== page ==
Table_6_Which Factors Affect the Occurrence of Off-Target Effects Caused by the Use of CRISPR/Cas: A Systematic Review in Plants.XLSX (746.96 kB)

Table_6_Which Factors Affect the Occurrence of Off-Target Effects Caused by the Use of CRISPR/Cas: A Systematic Review in Plants.XLSX

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posted on 23.11.2020, 04:18 by Dominik Modrzejewski, Frank Hartung, Heike Lehnert, Thorben Sprink, Christian Kohl, Jens Keilwagen, Ralf Wilhelm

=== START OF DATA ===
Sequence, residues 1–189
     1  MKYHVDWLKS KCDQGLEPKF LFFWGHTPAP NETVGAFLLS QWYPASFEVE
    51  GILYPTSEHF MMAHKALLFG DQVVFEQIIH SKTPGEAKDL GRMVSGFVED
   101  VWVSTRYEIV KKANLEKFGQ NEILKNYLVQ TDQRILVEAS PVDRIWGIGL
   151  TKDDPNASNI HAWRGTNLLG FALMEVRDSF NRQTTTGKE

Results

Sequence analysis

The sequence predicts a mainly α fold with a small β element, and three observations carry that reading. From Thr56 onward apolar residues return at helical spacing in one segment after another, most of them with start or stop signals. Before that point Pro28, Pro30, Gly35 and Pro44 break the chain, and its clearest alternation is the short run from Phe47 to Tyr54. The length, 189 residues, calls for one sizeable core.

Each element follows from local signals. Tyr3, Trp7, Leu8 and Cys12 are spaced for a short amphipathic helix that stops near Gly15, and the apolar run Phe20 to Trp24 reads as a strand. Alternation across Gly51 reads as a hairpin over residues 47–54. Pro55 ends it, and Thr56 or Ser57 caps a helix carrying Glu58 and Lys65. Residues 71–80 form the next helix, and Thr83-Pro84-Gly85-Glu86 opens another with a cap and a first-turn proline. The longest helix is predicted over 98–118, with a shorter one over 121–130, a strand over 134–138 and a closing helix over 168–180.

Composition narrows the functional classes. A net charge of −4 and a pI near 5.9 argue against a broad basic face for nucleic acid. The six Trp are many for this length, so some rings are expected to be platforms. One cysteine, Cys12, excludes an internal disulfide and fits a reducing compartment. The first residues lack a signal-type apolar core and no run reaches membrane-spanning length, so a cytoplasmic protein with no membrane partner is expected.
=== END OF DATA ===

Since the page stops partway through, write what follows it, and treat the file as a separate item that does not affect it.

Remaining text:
CRISPR/Cas enables a targeted modification of DNA sequences. Despite their ease and efficient use, one limitation is the potential occurrence of associated off-target effects. This systematic review aims to answer the following research question: Which factors affect the occurrence of off-target effects caused by the use of CRISPR/Cas in plants? Literature published until March 2019 was considered for this review. Articles were screened for relevance based on pre-defined inclusion criteria. Relevant studies were subject to critical appraisal. All studies included in the systematic review were synthesized in a narrative report, but studies rated as high and medium/high validity were reported separately from studies rated as low and medium/low or unclear validity. In addition, we ran a binary logistic regression analysis to verify five factors that may affect the occurrence of off-target effects: (1) Number of mismatches (2) Position of mismatches (3) GC-content of the targeting sequence (4) Altered nuclease variants (5) Delivery methods. In total, 180 relevant articles were included in this review containing 468 studies therein. Seventy nine percentage of these studies were rated as having high or medium/high validity. Within these studies, 6,416 potential off-target sequences were assessed for the occurrence of off-target effects. Results clearly indicate that an increased number of mismatches between the on-target and potential off-target sequence steeply decreases the likelihood of off-target effects. The observed rate of off-target effects decreased from 59% when there is one mismatch between the on-target and off-target sequences toward 0% when four or more mismatches exist. In addition, mismatch/es located within the first eight nucleotides proximal to the PAM significantly decreased the occurrence of off-target effects. There is no evidence that the GC-content significantly affects off-target effects. The database regarding the impact of the nuclease variant and the delivery method is very poor as the majority of studies applied the standard nuclease SpCas9 and the CRISPR/Cas system was stably delivered in the genome. Hence, a general significant impact of these two factors on the occurrence of off-target effects cannot be proved. This identified evidence gap needs to be filled by systematic studies exploring these individual factors in sufficient numbers.

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